The service life of gas and vapour filters is dependent upon many variables including:

  • Concentration of airborne contaminants

  • Exposure times

  • Work of breathing / breathing rate

  • Temperature and humidity

The general rule of thumb that indicates a gas/vapour cartridge needs to be replaced is when a contaminant can be smelled or tasted. This is called breakthrough. Keep in mind that not all contaminants have an odour or a taste.


Other times to change your gas/vapour filters:

  • According to the expiry date on the packet

  • Once opened, the use time is no more than 6 months as the carbon will continue to absorb contaminants from the environment (even when not in use by the wearer). Write the open date on the cartridge.

  • Following a filter change schedule


3M has a service life software that can help you determine the service life of gas/vapour filters. To use this tool, you'll need to know the airborne contaminant levels determined via air monitoring.


How Often Should I Change Combination Filters?


If the filter on your respirator is a combination filter that has both particulate and gas/vapour components, here's what you do.


If the gas/vapour cartridge has a particulate pre-filter that can be removed and changed - like the photo below - you follow the same rules for changing any particulate filter - when breathing resistance becomes unacceptable. And you'd change the gas/vapour component when breakthrough occurs, according to your workplace's change schedule, or if it has been 6 months since the cartridge was opened.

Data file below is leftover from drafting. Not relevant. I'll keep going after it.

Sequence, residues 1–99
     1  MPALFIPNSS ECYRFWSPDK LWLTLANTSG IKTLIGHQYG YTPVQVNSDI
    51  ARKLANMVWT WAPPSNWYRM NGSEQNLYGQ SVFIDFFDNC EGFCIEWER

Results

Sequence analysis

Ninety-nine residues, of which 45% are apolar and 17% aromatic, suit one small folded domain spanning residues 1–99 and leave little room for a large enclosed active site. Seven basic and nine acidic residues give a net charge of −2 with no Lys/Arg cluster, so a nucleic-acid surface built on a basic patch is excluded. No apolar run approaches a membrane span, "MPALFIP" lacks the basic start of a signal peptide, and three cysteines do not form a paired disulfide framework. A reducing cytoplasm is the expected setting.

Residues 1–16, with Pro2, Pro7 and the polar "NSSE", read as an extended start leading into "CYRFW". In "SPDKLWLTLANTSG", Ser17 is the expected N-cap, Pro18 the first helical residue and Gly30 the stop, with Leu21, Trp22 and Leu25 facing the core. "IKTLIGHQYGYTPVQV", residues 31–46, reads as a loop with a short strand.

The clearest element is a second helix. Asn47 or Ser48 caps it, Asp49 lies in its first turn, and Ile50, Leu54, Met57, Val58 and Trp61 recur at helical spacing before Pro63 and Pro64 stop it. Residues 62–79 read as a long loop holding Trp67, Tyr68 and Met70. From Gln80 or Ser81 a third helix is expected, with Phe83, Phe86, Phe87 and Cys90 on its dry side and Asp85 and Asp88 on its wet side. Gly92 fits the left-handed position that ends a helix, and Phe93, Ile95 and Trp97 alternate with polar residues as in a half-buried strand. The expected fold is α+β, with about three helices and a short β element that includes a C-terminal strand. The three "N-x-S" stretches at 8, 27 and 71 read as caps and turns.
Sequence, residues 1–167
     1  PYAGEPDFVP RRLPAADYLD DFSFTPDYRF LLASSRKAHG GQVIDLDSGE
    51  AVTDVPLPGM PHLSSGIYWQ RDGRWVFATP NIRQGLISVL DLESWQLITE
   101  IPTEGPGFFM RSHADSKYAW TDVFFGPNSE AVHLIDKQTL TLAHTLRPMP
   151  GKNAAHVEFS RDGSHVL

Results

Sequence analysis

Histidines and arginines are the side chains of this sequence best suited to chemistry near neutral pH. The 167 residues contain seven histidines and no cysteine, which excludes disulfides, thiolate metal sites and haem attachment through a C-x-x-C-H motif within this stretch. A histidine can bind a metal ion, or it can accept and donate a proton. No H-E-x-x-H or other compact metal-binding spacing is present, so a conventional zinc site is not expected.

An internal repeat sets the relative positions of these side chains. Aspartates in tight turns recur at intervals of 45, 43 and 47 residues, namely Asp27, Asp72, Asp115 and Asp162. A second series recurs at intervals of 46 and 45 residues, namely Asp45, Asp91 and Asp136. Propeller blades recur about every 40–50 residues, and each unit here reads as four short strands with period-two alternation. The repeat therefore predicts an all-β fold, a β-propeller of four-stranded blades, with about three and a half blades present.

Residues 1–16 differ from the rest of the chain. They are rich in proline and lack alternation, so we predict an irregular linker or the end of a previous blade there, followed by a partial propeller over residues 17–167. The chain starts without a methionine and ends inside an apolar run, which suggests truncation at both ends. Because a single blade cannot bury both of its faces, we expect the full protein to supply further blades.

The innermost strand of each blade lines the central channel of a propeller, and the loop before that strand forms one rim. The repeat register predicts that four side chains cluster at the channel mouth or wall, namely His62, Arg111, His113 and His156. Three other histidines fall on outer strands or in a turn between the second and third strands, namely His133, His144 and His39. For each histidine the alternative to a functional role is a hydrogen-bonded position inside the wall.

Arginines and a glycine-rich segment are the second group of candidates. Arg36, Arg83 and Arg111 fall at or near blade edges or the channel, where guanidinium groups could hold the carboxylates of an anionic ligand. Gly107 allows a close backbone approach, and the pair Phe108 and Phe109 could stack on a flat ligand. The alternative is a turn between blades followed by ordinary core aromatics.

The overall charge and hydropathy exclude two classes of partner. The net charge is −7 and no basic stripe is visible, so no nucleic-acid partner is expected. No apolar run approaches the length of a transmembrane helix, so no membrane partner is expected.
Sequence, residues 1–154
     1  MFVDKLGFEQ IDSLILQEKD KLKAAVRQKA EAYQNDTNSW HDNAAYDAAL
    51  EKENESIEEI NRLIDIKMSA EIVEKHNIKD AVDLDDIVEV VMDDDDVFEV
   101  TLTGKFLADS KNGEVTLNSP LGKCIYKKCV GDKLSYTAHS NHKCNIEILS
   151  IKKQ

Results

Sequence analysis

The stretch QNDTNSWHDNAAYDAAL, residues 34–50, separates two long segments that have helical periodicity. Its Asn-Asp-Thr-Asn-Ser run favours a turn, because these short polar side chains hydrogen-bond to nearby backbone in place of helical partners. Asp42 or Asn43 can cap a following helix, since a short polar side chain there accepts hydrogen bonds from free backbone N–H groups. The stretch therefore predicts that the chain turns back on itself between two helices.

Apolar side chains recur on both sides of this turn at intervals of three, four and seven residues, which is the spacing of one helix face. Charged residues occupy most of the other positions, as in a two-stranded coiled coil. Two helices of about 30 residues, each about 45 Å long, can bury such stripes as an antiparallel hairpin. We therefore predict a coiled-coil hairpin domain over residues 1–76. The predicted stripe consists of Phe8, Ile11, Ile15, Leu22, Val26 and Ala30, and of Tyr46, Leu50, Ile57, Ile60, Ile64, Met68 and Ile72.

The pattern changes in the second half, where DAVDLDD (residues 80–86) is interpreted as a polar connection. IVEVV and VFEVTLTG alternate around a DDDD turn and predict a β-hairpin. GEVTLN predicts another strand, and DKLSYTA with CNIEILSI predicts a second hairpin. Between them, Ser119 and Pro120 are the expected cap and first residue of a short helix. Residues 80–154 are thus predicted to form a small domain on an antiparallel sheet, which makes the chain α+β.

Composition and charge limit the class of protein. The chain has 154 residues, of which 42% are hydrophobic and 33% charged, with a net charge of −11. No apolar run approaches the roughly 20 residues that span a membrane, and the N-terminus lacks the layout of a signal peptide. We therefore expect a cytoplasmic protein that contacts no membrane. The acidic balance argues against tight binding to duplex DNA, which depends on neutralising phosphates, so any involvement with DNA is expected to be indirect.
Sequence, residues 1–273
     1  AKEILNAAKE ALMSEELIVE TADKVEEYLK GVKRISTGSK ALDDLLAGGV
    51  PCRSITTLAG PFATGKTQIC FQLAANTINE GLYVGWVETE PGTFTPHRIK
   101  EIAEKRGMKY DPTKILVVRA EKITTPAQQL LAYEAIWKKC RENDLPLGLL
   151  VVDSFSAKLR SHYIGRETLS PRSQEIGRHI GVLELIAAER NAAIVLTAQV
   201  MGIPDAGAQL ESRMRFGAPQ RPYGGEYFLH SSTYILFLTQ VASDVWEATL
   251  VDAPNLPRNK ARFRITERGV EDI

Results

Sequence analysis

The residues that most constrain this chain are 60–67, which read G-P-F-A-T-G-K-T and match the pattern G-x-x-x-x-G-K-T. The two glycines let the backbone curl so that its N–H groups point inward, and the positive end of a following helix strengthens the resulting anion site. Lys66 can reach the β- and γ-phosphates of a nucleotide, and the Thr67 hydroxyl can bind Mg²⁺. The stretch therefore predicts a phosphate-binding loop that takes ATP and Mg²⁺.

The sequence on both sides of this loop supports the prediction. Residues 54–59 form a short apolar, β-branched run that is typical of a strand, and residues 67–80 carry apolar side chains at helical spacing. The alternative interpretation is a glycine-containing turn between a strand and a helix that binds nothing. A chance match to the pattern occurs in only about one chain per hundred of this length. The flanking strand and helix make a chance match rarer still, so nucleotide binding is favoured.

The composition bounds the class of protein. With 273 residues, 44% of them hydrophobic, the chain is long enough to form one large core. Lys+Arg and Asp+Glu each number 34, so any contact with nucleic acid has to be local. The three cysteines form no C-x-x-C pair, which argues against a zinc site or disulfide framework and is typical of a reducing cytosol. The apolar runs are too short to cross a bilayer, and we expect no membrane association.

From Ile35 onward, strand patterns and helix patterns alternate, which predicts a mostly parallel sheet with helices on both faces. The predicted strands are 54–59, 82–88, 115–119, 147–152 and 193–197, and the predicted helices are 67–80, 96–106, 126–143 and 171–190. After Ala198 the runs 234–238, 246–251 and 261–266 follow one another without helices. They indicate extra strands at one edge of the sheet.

Credit: Maxisafe. You can remove the particulate pre-filter that is attached to the gas/vapour cartridge.


If the gas/vapour cartridge has the particulate filter built in, you can't change the individual parts. The photo below is an example of an all-in-one combo filter (ABEKP3). In this case, you'd have to change the filter if breathing resistance increases or when there's breakthrough, whichever happens first. Additionally, if 6 months have gone by since the filter was opened, it will need to be changed.


Credit: JSP This is a combine gas/vapour/particulate filter. Individual components can't be changed

 

Wrapping Up


We hope this helps you gain a better understanding of when to change the filters on your reusable respirators.


To recap:

  • Particulate filters should be changed when the wearer notices increased breathing resistance.

  • Gas and vapour filters should be changed when the wearer can start to taste or smell the contaminants, after 6 months of being removed from the package or according to a change schedule.

  • Keep in mind that not all gases and vapours have an odour or taste.

  • 3M has a free service life software that can be used to gauge when gas/vapour filters should be changed. You have to know the air concentration levels of the contaminants to use this tool.


Interested in expanding your knowledge about respiratory protective equipment? Call us at 0488 688 454 to learn more about our RPE Courses.